Assistant Professor of Religion
Department of Religious Studies
Office: Crowe Hall, 1860 Campus Drive, 4-149
Office Hours: Wednesday 1:20 p.m. - 3:20 p.m. (Winter 2015)
Sarah Jacoby studies South Asian Religions with a specialization in Tibetan Buddhism. She received her B.A. from Yale University, majoring in women's studies, and her M.A. and Ph.D. degrees from the University of Virginia's Department of Religious Studies. She joined Northwestern University in 2009 after completing a postdoctoral fellowship at the Society of Fellows in the Humanities at Columbia University. Her research interests include Indo-Tibetan Buddhist doctrine and ritual in practice, studies in gender and sexuality, Tibetan literature, autobiography studies, Buddhist revelation, Buddhism in contemporary Tibet, and Eastern Tibetan area studies. She is the co-chair of the Tibetan and Himalayan Religions Group at the American Academy of Religion.
Professor Jacoby received an American Council of Learned Sciences (ACLS) Fellowship for the 2012-2013 academic year. Her research has also been funded by The Shelley & Donald Rubin Foundation, the Charlotte W. Newcombe Dissertation Writing Fellowship, the Fulbright Hays Dissertation Research Fellowship, and multiple Foreign Language and Area Studies Fellowships (FLAS).
She has recently published a monograph titled Love and Liberation: Autobiographical Writings of the Tibetan Buddhist Visionary Sera Khandro (Columbia University Press, 2014). This is the first study in any language of the autobiographical and biographical writings of one of the most prolific female authors in Tibetan history, Sera Khandro Künzang Dekyong Chönyi Wangmo (also called Dewé Dorjé, 1892--1940). She was extraordinary not only for achieving religious mastery as a Tibetan Buddhist visionary and guru to many lamas, monastics, and laity in the Golok region of eastern Tibet, but also for her candor. This book listens to Sera Khandro's conversations with land deities, dakinis, bodhisattvas, lamas, and fellow religious community members whose voices interweave with her own to narrate what is a story of both love between Sera Khandro and her guru, Drimé Özer, and spiritual liberation.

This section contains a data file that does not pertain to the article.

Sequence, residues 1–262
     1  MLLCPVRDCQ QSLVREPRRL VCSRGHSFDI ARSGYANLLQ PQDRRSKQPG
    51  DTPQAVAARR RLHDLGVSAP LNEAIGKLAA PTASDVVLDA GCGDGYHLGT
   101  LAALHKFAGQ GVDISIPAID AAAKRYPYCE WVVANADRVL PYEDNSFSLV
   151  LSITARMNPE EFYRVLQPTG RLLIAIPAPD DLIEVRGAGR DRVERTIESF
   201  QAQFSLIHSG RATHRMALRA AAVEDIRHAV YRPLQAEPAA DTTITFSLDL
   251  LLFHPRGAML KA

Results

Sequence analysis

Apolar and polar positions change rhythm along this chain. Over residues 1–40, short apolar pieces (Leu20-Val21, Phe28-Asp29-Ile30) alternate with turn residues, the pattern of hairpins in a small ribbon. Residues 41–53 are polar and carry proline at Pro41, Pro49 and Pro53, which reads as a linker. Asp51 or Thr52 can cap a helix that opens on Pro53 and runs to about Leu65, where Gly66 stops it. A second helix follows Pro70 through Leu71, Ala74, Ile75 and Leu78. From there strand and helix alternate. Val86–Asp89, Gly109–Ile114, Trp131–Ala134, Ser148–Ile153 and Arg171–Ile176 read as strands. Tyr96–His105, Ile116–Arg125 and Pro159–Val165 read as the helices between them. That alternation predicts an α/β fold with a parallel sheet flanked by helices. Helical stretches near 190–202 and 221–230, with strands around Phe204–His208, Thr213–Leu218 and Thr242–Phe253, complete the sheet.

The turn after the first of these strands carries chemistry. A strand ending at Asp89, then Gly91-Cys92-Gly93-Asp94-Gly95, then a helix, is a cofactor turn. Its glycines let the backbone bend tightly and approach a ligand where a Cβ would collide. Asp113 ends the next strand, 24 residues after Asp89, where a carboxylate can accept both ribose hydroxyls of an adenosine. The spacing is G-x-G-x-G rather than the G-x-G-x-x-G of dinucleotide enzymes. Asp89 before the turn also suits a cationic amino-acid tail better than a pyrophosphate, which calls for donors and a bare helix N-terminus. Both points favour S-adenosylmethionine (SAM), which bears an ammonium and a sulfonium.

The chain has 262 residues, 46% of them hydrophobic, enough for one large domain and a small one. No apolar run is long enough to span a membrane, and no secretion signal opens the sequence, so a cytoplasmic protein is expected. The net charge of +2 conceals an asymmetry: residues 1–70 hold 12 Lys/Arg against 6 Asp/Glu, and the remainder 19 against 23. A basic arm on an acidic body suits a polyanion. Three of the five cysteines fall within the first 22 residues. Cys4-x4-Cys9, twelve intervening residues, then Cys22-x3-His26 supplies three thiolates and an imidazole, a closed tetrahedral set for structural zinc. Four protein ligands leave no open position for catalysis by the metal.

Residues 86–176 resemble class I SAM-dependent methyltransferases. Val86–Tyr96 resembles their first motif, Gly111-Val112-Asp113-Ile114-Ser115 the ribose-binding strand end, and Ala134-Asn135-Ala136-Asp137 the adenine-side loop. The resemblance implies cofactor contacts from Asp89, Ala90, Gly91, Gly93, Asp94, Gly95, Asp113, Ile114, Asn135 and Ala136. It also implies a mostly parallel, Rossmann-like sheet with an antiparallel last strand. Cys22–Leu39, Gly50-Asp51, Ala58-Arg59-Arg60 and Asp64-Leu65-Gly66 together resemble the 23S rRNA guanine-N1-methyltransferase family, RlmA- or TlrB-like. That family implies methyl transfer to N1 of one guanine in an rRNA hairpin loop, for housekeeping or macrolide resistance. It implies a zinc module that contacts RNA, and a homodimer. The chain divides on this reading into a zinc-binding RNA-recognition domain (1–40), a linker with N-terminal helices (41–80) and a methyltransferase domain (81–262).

Her other books include a co-edited volume with Antonio Terrone entitled Buddhism Beyond the Monastery: Tantric Practices and their Performers in Tibet and the Himalayas (Brill, 2009) and a book she co-authored with Donald Mitchell titled Buddhism: Introducing the Buddhist Experience (Oxford University Press, 2014).
In 2014 Professor Jacoby was awarded a Searle Center for Advanced Learning and Teaching Innovation in Teaching Grant. In 2012 she was voted by Northwestern students onto the ASG Faculty Honor Roll and awarded a teaching excellence award from the Department of Religious Studies. Courses she teaches include Introduction to Buddhism, Buddhism and Gender, Buddhist Auto/biography, Tibetan Religion and Culture, Theory and Methods in the Study of Religion, South Asian Goddess Traditions, and Religion, Sexuality, and Celibacy.
Love and Liberation: Autobiographical Writings of the Tibetan Buddhist Visionary Sera Khandro. Columbia University Press, 2014.
Co-authored with Donald Mitchell. Buddhism: Introducing the Buddhist Experience. New York: Oxford University Press, 2014.
Co-edited with Antonio Terrone. Buddhism beyond the Monastery: Tantric Practices and their Performers in Tibet and the Himalayas. Leiden: Brill, 2009.
Sarah H. Jacoby, "The Excellent Path of Devotion: An Annotated Translation of Sera Khandro's Short Autobiography," in Himalayan Passages: Tibetan and Newar Studies in Honor of Hubert Decleer. Boston: Wisdom Publications, 2014.
“To be or not to be Celibate: Morality and Consort Practices According to the Treasure Revealer Sera Khandro’s (1892-1940) Auto/biographical Writings.” In Sarah Jacoby and Antonio Terrone (eds), Buddhism beyond the Monastery: Tantric Practices and their Performers in Modern Tibet. Leiden: Brill, 2009.
"This Inferior Female Body:’ Reflections on Life as a Treasure Revealer Through the Autobiographical Eyes of Se ra mkha’ ‘gro (Bde ba’i rdo rje, 1892-1940).” Journal of the International Association of Buddhist Studies. 32/1-2 (2009/2010): pp. 115-150.
See a video of Professor Jacoby presenting the significance of her research on Sera Khandro for the humanities at the 2013 ACLS annual meeting panel titled "Emerging Themes and Methods of Humanities Research: Discussion with ACLS Fellows"